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Yalla Shoot :Hannah Dingley: Forest Green Rovers name first female boss of a men’s professional football side

Hannah Dingley on the touchline for Forest Green's academy side
Hannah Dingley has been Forest Green Rovers’ academy manager for almost four years since taking over when the club joined the EFL

Forest Green Rovers have named Hannah Dingley as their new caretaker boss, making her the first woman to manage a professional men’s team in English football.

The League Two side sacked Duncan Ferguson on Tuesday after just six months in charge.

Forest Green announced Dingley, the club’s academy head, would be put in caretaker charge of the first team.

Her first match in charge will be a friendly at Melksham Town on Wednesday.

The 39-year-old said: “I’m really excited for this next step of my career. Pre-season has just begun, and the full season kicks off very soon.

“It’s an exciting time in football. I am grateful for the opportunity to step up and lead such a progressive and forward-thinking club.”

She first joined the club in 2019 to take charge of the academy and remains the only woman to manage a men’s English Football League academy.

Dingley also initiated the club’s girls academy which launched in 2021.

She has a Uefa Pro Licence and previously worked at Burton Albion

“Hannah was the natural choice for us to be first team interim head coach – she’s done a fantastic job leading our academy and is well aligned with the values of the club,” club chairman Dale Vince said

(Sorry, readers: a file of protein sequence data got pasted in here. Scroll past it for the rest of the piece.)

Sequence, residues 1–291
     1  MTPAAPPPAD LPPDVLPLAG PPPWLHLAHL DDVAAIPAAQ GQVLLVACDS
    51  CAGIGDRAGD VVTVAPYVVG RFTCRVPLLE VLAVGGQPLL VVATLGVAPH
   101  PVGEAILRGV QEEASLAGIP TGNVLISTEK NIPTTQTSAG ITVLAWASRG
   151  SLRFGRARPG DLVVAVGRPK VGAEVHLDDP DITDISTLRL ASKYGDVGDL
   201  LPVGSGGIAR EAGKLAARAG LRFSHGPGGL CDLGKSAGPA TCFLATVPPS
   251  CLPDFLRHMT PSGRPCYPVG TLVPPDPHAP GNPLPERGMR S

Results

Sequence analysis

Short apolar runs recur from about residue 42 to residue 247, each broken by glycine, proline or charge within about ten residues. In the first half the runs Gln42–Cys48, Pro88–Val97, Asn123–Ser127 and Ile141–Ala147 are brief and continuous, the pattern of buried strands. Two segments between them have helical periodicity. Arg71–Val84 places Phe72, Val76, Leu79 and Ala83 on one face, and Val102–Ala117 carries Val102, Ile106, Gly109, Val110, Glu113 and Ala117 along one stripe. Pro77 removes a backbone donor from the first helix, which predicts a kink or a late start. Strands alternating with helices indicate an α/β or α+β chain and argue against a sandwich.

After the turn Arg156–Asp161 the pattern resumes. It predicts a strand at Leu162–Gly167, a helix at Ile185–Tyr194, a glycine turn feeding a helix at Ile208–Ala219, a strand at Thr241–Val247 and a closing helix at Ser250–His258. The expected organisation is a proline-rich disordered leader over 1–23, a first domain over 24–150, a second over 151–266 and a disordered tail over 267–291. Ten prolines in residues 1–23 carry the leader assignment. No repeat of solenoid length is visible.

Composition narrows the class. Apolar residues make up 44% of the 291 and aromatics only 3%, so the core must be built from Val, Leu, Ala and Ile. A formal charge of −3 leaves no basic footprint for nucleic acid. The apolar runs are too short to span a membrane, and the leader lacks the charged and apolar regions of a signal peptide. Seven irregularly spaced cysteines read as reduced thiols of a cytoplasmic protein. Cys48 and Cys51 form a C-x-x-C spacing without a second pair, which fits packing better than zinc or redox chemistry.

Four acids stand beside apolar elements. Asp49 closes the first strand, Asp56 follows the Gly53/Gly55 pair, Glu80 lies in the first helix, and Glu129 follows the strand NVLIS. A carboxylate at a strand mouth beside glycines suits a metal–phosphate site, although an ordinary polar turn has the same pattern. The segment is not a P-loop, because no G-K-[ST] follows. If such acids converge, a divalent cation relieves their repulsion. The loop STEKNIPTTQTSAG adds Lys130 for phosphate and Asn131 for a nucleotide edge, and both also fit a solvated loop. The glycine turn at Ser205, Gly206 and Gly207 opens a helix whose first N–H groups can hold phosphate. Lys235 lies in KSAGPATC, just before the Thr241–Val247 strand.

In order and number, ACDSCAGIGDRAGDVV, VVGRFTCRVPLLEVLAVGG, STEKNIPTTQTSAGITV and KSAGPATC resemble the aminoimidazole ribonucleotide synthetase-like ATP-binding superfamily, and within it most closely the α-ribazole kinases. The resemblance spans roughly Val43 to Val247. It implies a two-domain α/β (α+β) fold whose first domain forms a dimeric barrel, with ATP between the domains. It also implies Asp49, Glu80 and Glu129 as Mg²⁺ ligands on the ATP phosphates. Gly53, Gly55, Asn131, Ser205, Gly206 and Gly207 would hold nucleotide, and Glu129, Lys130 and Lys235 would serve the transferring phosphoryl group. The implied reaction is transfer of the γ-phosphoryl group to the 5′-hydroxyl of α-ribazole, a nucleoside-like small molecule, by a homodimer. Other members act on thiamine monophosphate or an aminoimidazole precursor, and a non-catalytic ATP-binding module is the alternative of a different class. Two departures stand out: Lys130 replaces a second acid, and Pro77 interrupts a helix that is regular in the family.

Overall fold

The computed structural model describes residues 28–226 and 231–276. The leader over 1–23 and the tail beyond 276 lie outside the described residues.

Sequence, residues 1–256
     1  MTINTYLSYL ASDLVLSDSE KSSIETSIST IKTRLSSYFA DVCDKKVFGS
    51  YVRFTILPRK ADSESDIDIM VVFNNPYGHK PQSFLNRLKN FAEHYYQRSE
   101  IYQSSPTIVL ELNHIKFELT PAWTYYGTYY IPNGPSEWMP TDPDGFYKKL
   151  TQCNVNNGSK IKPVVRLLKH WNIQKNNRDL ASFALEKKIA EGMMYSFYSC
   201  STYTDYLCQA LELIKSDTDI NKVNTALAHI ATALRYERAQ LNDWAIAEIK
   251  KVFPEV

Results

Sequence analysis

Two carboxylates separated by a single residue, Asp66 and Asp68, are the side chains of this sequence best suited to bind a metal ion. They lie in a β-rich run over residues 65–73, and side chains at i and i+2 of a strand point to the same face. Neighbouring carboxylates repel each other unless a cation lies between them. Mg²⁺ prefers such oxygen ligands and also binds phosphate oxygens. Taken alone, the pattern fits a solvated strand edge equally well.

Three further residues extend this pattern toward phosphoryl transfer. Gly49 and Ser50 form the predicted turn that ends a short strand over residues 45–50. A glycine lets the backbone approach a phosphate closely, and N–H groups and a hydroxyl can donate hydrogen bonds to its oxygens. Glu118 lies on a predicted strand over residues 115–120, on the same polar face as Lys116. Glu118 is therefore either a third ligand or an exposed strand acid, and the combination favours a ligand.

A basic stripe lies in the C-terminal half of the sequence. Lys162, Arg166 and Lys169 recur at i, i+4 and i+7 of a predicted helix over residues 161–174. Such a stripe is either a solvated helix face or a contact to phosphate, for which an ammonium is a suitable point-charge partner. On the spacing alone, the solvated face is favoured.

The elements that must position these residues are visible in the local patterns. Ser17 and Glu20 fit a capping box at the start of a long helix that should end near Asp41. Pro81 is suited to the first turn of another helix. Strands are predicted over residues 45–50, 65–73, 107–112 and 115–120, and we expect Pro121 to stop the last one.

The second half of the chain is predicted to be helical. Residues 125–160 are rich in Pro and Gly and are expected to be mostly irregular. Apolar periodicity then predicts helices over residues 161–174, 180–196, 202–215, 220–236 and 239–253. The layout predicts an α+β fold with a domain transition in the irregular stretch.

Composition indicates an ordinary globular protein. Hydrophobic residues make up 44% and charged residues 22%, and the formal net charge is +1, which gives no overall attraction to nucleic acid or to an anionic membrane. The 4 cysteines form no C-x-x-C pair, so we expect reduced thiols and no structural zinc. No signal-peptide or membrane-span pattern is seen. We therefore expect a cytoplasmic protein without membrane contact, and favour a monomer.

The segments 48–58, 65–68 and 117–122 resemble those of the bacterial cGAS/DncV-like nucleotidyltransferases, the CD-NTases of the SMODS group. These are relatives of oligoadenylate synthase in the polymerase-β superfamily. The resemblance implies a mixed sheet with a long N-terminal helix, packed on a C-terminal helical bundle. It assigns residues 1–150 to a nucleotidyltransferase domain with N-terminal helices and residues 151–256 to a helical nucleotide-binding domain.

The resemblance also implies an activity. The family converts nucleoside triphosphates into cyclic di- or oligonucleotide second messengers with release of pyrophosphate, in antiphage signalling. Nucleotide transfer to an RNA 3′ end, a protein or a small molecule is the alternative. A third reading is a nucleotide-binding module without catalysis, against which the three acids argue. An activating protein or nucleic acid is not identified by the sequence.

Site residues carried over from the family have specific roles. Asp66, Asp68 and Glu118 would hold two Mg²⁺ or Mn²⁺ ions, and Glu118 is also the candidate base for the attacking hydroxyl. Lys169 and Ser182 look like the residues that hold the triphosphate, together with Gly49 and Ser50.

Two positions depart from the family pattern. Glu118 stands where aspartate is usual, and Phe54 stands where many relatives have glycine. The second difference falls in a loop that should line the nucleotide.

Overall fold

“It’s perhaps telling for the men’s game that in making this appointment on merit, we’ll break new ground – and Hannah will be the first female head coach in English [men’s] football.”

‘More than capable of coaching at a men’s level’

Dingley spoke to BBC Points West in March about breaking down barriers in the sport.

“You’ve got a responsibility as the first to open the doors for others and to encourage others,” she said.

“You always say if you don’t see it, you’re probably not going to be it. The fact that I do this I hope it encourages more females to come into coaching, into football, into different roles. I feel a great responsibility to talk about that.”

She said at the time that she did not think it would be long until a woman took charge of a men’s professional team.

“It will come in sooner than you think,” Dingley said. “The success that the Lionesses are having, that Emma Hayes is having at Chelsea.

“There are others, really good female coaches out there who I have more than faith in would be more than capable of coaching at a men’s level.”

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